We believe that South Tempe is a special community, and we are committed to making it better with every day. On this page, we share our thoughts on a variety of topics related to our community: locally owned restaurants and shops, high paying jobs, and increasing the quality of life.
What can I do to make South Tempe better?
- Be a good neighbor. Get to know the souls who live on the same street as you.
- Ride your bike. Go for a walk. South Tempe is most beautiful when you slow down to appreciate the tree-lined streets.
- Get active in your community.
- When you see a “Public Hearing Notice” sign (they are red and white) in front of a vacant building, stop and read it! This sign is alerting you that major changes are happening to your neighborhood.
- If you see us post about a cause or concern on facebook.com/southtempe, please like and share our posts! This is how we get the word out!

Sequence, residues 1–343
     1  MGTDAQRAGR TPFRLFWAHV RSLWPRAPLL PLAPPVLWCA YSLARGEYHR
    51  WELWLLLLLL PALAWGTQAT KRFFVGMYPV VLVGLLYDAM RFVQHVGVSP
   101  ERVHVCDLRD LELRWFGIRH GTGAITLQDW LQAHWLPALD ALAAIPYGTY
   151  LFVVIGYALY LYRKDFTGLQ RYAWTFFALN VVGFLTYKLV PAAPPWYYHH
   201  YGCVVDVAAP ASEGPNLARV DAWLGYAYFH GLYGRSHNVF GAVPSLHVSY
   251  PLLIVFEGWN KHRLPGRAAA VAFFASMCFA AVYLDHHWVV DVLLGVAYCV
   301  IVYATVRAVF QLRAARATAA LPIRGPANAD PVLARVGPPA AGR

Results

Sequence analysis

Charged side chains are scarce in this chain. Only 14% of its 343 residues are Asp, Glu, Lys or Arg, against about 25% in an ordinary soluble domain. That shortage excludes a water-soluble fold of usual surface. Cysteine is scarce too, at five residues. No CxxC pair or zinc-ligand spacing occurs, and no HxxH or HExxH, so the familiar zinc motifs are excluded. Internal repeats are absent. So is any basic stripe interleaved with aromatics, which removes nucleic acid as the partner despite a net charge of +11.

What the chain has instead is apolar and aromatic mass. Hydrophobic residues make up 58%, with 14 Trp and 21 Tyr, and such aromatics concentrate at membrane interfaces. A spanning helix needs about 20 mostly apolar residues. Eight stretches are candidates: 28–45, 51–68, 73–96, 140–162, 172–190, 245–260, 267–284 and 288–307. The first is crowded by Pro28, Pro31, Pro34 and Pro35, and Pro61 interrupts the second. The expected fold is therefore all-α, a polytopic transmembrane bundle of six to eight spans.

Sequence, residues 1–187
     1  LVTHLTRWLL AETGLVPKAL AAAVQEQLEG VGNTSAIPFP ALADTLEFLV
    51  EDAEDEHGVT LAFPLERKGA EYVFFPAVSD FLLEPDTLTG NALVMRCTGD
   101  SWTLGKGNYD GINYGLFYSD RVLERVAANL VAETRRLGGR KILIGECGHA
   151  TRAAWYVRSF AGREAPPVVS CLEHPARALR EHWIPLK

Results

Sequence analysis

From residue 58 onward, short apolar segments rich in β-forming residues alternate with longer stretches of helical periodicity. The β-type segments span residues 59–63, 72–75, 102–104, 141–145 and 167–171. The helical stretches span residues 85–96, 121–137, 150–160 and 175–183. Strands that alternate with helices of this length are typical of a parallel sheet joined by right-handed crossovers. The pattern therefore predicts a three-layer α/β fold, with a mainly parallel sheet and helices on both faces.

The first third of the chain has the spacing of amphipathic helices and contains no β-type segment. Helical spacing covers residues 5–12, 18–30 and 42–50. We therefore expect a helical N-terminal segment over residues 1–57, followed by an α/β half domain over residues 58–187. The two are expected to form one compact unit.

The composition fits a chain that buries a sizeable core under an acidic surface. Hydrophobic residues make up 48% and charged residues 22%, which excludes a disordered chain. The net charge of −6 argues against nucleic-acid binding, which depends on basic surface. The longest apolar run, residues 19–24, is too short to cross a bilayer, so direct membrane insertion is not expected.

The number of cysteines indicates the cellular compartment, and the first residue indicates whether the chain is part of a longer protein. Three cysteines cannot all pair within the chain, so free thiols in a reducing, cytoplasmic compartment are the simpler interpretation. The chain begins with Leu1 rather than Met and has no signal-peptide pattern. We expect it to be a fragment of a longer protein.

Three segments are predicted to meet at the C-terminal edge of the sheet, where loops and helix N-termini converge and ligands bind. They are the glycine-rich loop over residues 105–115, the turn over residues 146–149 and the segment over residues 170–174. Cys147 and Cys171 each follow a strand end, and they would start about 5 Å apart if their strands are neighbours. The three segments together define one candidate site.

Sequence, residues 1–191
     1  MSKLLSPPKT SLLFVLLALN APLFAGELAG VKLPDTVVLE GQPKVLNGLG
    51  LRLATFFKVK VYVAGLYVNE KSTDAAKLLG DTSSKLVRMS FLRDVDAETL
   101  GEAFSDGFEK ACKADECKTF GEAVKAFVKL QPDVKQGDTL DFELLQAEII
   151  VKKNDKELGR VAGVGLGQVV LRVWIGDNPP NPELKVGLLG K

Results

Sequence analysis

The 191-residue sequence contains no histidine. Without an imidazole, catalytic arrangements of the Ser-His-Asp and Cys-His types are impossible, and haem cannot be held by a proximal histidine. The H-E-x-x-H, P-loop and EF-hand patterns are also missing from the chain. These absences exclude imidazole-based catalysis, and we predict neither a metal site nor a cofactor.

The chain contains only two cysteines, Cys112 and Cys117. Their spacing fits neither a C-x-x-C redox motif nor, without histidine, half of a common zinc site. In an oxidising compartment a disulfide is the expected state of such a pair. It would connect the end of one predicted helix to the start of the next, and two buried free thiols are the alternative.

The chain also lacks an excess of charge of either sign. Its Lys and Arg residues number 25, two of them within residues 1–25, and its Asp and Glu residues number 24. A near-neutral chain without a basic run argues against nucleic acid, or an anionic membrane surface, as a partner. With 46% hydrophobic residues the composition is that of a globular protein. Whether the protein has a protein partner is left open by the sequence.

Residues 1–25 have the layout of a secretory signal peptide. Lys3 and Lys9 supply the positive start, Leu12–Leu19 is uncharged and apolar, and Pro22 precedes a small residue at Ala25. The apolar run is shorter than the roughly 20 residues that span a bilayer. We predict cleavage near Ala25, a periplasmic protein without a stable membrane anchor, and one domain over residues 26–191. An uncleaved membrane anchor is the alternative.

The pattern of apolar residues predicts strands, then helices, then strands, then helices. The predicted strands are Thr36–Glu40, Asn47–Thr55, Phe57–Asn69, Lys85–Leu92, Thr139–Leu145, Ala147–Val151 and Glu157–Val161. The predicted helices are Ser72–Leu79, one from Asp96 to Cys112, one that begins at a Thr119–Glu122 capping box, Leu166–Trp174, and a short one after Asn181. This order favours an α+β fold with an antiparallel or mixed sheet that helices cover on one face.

What are examples of what businesses that you want to see in Tempe?
- Culinary Dropout at Farmer Arts near ASU is a blast. The food is delicious, and it’s ridiculously fun for everyone within a 1 mile walk.
- Postino Wine Bar is a classy but casual spot for a datenight.
- We’ve heard great things about Shoppe Bear Company
In South Tempe
- Ghost Ranch Southwest Kitchen is classy but not pretentious. They have epic food that make you proud to live in Arizona.
- Crepe Bar is a creative restaurant that whips up yummy food from ingredients from local farmers.
- Tempe Public Market has something for everyone. Healthy dishes and indulgent dishes. They have an awesome outdoor patio and fireplace. Plus they play fun music!
- Cotton & Copper has flawless cocktails and tasty plates. You might go in for a quick drink and end up staying for four hours. It’s just fun.
Anything outside of Tempe?
- Joe Johnston does great things (Liberty Market, Joe’s Farm Grill, Agritopia), but he won’t step outside the Gilbert city lines.
- La Grande Orange (LGO) in Arcadia is legendary. Chelsea’s Kitchen is about as good of a restaurant as you can get in America.